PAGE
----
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Record number of landlords planning to exit the market

The government’s plan to scrap Section 21 will have an adverse effect and cut rental supply say The Residential Landlords Association. They stated that a quarter of their members are currently thinking of selling at least one of their investments over the next year with five percent of landlords, representing five percent of tenancies considering selling their whole portfolio.

Since the RLA started asking the question in 2016, this is the highest quantity of landlords looking to leave the rental market. Out of 2,500 landlords surveyed, fifty-seven percent of landlords reported the market to be stable with twenty-three percent noticing an increase in demand for properties over the last three months. Even with the increased demand, over a third of landlords show low levels of confidence in the PRS over the next year.

Government data released earlier this year showed that ten percent of private landlords representing 18 per cent of tenancies plan to reduce the amount of properties they let from their portfolios.

The Royal Institution of Chartered Surveyors recently warned that because of the heavy imbalance between supply and demand in the rental sector that the market will see rent increase averaging three percent per annum over the next five years.

Homes to rent are desperately needed and The RLA have said that it is important that landlords retain confidence in the market, however this means the new legislation surrounding changes to Section 21 need to be fair and effective for all parties involved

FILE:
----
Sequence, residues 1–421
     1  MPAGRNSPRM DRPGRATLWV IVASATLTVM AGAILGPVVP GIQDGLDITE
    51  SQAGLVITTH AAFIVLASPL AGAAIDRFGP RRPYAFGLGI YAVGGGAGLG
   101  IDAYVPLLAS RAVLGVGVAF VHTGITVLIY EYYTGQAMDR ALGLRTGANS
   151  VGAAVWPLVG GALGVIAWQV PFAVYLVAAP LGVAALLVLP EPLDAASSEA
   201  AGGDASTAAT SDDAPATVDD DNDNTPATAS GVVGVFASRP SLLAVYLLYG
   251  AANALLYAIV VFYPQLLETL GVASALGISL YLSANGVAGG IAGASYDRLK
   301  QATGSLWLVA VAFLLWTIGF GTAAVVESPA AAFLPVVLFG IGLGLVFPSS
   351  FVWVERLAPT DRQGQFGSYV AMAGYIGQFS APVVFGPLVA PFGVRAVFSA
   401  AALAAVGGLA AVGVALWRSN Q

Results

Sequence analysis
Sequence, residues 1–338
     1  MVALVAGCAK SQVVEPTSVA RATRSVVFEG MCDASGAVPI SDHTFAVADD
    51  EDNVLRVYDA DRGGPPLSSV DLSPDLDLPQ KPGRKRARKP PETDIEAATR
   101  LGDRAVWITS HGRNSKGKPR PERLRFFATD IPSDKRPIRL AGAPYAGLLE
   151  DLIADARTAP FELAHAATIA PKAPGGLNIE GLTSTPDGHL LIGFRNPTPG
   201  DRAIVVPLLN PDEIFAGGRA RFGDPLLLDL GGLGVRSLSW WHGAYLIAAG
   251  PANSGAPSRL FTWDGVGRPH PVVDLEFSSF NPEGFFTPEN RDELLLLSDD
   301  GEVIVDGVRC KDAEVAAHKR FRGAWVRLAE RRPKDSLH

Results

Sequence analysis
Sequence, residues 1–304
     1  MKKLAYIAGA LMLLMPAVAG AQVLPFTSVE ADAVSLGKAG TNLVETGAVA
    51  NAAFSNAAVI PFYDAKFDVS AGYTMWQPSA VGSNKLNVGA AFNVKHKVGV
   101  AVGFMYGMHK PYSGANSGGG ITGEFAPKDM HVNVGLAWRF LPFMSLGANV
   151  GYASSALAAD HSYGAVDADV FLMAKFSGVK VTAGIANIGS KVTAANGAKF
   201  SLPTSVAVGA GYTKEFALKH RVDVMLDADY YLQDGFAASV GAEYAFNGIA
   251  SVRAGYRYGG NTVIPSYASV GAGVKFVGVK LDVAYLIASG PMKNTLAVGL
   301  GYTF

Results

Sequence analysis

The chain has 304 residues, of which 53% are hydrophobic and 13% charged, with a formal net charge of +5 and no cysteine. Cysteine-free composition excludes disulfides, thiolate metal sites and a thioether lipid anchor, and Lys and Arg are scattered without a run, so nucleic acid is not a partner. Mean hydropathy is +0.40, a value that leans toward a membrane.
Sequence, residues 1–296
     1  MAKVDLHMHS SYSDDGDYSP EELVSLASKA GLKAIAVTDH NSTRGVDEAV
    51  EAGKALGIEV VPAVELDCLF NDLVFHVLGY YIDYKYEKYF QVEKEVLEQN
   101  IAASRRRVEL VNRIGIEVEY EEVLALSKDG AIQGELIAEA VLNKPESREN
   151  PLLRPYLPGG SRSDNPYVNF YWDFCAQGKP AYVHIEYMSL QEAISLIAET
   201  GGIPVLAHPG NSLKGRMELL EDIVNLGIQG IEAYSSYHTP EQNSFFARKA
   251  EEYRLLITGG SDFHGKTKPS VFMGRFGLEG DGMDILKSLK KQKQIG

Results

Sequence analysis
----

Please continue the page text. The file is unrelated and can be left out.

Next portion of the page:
“All the talk of longer tenancies will mean nothing if the homes to rent are not there in the first place” said David Smith, policy director for the RLA.

“The Government’s tax increases on the sector are already making it difficult for tenants to find a place to live, with many landlords not renewing tenancies. If rushed and not thought through, planned changes to the way landlords can repossess properties risk making the situation even worse. Action is needed to stimulate supply with pro-growth taxation and a process for repossessing homes that is fair to all.”

The tenant fee ban and the scrapping of Section 21 has already taken place in Scotland, some agents there have stated that although the changes were a shock, Scotland has lead the way in improving the rights of tenants and refining relationships between tenants and landlords. In Scotland, the world has not imploded, and landlords and agents are still making money from property.

We would be interested to hear our readers views on any of the issues from our newsletter. We have many landlords who are still looking to increase their portfolios and are experts in facilitating sales between landlords. Let us know if you would like an up to date valuation on your property sales@coapt.co.uk.

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